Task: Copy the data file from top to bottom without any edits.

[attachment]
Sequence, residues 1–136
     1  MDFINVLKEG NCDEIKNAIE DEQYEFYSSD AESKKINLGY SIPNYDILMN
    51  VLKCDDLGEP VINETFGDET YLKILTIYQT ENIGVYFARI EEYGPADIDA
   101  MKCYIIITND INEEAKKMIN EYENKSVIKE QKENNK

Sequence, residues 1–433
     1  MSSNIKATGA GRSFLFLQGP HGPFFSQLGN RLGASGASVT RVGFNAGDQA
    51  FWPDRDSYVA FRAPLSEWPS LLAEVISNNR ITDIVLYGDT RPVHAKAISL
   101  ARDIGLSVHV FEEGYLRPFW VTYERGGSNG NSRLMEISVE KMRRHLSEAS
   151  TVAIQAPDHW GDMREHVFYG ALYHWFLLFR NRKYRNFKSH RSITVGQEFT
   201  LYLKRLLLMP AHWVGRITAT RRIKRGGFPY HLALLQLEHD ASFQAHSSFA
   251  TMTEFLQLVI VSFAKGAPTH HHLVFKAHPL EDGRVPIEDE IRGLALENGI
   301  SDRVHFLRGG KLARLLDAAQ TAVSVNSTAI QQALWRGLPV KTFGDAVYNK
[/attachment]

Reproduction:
Sequence, residues 1–136
     1  MDFINVLKEG NCDEIKNAIE DEQYEFYSSD AESKKINLGY SIPNYDILMN
    51  VLKCDDLGEP VINETFGDET YLKILTIYQT ENIGVYFARI EEYGPADIDA
   101  MKCYIIITND INEEAKKMIN EYENKSVIKE QKENNK

Sequence, residues 1–433
     1  MSSNIKATGA GRSFLFLQGP HGPFFSQLGN RLGASGASVT RVGFNAGDQA
    51  FWPDRDSYVA FRAPLSEWPS LLAEVISNNR ITDIVLYGDT RPVHAKAISL
   101  ARDIGLSVHV FEEGYLRPFW VTYERGGSNG NSRLMEISVE KMRRHLSEAS
   151  TVAIQAPDHW GDMREHVFYG ALYHWFLLFR NRKYRNFKSH RSITVGQEFT
   201  LYLKRLLLMP AHWVGRITAT RRIKRGGFPY HLALLQLEHD ASFQAHSSFA
   251  TMTEFLQLVI VSFAKGAPTH HHLVFKAHPL EDGRVPIEDE IRGLALENGI
   301  SDRVHFLRGG KLARLLDAAQ TAVSVNSTAI QQALWRGLPV KTFGDAVYNK